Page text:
Jump directly to the Content

Working with a Narcissistic Leader

The delicate dance of effectiveness amid ego.

The senior pastor I worked under at a California megachurch had a compelling vision to see seekers saved, was quietly charismatic, and had scores of loyal followers. We began to have concerns about him, though, when he insisted on re-videotaping Nicky Gumbel's Alpha Course sessions with himself as speaker. This, he rationalized, was necessary to "preserve (his own) evangelistic anointing and replace Gumbel's hard-to-listen-to English accent with something more comfortable for Americans." None of us was brave enough to mention that the Alpha Course on video had already led tens of thousands to Christ globally. We all kept quiet and completed the project.

In a board meeting some time later, the pastor described his primary ministry function in weekend services as "walking among the congregation and touching them, conferring a blessing that radically changes their countenances." Now we knew something was wrong. Over time, incidents like this convinced us that our pastor was blatantly self-referential, ...

Subscriber access only You have reached the end of this Article Preview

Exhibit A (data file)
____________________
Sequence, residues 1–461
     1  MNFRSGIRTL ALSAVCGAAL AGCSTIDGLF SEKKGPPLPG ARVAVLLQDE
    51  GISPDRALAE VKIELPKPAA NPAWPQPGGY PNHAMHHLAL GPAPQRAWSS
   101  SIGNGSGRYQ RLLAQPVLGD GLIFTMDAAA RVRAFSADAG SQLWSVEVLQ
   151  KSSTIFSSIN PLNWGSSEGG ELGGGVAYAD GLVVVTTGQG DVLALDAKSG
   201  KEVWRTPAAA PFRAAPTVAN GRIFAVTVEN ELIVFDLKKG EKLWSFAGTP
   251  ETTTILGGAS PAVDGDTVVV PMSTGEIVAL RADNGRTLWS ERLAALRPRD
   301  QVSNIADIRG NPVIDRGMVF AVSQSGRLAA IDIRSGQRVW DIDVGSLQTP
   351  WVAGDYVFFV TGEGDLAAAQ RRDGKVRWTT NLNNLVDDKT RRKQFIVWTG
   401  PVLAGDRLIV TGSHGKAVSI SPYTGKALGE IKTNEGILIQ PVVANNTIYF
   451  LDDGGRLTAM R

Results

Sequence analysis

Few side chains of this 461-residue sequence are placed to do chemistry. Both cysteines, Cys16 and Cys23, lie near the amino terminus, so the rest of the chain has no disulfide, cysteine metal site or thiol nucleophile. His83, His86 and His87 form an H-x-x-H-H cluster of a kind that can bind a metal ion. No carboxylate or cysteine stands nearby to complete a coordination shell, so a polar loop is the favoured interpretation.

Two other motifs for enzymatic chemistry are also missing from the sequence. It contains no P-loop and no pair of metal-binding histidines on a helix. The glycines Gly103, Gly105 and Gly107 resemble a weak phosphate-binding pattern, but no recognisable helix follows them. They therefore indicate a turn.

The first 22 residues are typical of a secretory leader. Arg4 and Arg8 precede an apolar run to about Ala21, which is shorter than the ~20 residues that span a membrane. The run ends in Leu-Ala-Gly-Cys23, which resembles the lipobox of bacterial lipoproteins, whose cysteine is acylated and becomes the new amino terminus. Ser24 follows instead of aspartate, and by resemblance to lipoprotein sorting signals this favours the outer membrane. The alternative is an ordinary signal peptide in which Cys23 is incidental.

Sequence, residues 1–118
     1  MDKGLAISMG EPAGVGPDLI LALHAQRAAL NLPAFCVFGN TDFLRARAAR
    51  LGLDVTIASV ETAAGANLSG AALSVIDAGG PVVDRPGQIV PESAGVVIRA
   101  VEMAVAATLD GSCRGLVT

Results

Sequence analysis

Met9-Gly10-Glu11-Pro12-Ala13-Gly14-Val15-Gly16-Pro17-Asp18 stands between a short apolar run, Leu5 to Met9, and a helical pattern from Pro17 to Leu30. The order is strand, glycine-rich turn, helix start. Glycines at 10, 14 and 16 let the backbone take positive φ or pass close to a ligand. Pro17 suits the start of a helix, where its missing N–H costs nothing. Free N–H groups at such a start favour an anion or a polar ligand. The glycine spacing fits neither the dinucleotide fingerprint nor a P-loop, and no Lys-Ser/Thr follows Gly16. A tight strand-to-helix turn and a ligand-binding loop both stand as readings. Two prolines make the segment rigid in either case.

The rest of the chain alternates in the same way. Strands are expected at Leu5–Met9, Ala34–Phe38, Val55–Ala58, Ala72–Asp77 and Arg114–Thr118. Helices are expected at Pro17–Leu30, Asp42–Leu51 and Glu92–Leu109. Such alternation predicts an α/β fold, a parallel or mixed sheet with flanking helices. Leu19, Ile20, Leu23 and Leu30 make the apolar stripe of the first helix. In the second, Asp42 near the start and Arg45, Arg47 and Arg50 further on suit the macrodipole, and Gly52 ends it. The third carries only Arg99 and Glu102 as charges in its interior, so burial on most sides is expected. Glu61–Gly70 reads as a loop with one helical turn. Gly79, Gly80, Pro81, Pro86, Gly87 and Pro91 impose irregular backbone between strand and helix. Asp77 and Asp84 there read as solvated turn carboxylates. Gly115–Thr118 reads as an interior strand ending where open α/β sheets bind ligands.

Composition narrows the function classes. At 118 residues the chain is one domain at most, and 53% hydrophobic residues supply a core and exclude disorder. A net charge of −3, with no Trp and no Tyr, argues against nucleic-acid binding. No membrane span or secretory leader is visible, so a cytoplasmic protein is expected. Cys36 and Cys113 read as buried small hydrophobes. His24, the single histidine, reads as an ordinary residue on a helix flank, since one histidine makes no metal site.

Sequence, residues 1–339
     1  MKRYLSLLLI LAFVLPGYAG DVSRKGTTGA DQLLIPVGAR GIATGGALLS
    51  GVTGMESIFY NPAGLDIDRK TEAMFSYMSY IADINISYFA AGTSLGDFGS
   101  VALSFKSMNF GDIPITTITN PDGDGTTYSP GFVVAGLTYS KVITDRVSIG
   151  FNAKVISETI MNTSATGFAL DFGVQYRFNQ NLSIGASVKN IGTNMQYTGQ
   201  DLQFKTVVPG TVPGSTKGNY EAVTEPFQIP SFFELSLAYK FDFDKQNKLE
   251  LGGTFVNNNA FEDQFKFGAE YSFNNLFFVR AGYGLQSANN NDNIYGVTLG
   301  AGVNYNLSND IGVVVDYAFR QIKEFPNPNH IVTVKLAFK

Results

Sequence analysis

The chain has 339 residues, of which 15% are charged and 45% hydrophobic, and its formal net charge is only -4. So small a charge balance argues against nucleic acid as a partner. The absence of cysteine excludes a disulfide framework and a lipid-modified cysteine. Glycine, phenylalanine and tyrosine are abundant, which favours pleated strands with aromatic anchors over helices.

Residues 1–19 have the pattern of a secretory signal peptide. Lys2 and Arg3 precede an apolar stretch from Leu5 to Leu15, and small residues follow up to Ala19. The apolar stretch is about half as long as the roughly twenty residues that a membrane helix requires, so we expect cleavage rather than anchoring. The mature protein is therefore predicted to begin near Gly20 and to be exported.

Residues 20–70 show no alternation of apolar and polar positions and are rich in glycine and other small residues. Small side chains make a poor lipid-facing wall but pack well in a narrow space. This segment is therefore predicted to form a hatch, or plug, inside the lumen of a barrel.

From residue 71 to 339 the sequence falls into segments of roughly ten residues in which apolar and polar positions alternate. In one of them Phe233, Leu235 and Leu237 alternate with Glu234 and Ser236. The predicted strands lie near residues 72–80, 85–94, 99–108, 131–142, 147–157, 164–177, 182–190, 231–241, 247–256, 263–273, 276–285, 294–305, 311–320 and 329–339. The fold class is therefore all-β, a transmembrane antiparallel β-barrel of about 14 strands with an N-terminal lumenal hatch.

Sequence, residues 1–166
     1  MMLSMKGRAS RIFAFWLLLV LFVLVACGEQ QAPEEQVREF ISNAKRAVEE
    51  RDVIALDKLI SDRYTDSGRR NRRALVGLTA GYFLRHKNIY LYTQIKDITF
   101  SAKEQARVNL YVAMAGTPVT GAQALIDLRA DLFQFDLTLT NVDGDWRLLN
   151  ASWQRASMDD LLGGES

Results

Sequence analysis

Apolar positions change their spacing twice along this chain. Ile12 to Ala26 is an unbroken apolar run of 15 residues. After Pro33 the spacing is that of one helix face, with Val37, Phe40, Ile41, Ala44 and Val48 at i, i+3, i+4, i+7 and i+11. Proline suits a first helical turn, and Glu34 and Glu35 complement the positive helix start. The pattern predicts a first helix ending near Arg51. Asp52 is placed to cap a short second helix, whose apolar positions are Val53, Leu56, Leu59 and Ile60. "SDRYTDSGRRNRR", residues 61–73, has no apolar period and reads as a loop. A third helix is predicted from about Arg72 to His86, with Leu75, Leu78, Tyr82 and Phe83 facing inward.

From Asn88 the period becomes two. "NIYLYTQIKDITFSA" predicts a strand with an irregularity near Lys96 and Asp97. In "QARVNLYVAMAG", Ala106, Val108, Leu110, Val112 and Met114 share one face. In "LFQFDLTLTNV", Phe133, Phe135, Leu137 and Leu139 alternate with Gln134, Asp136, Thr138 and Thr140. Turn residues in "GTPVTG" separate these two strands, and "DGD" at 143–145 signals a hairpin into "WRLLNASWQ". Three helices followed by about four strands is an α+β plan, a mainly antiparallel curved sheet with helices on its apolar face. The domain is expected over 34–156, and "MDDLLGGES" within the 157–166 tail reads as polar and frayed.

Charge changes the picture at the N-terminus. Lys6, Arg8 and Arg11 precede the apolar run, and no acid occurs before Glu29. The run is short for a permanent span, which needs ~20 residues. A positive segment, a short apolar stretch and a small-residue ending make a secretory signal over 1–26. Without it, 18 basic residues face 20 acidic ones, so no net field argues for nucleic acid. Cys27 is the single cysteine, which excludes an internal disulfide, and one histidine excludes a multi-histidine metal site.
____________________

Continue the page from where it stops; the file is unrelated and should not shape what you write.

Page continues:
To continue reading, subscribe to Christianity Today magazine. Subscribers have full digital access to CT Pastors articles.

May/June
Support Our Work

Subscribe to CT for less than $4.25/month

Homepage Subscription Panel

Read These Next

Related
Be Anxious for Nothing ...
Be Anxious for Nothing ...
It is so easy to say: just trust.Do not be anxious. Doing it is another matter altogether. How do you cultivate trust? How do you release anxiety?
From the Magazine
As for Me and My Household, We’ll Resist Mammon
As for Me and My Household, We’ll Resist Mammon
Money promises autonomous abundance. But we need someplace where we cannot hide.
Editor's Pick
Why Suffering Belongs in Our Sermons
Interview
Why Suffering Belongs in Our Sermons
Matthew D. Kim believes addressing pain is part of a preacher’s calling.
close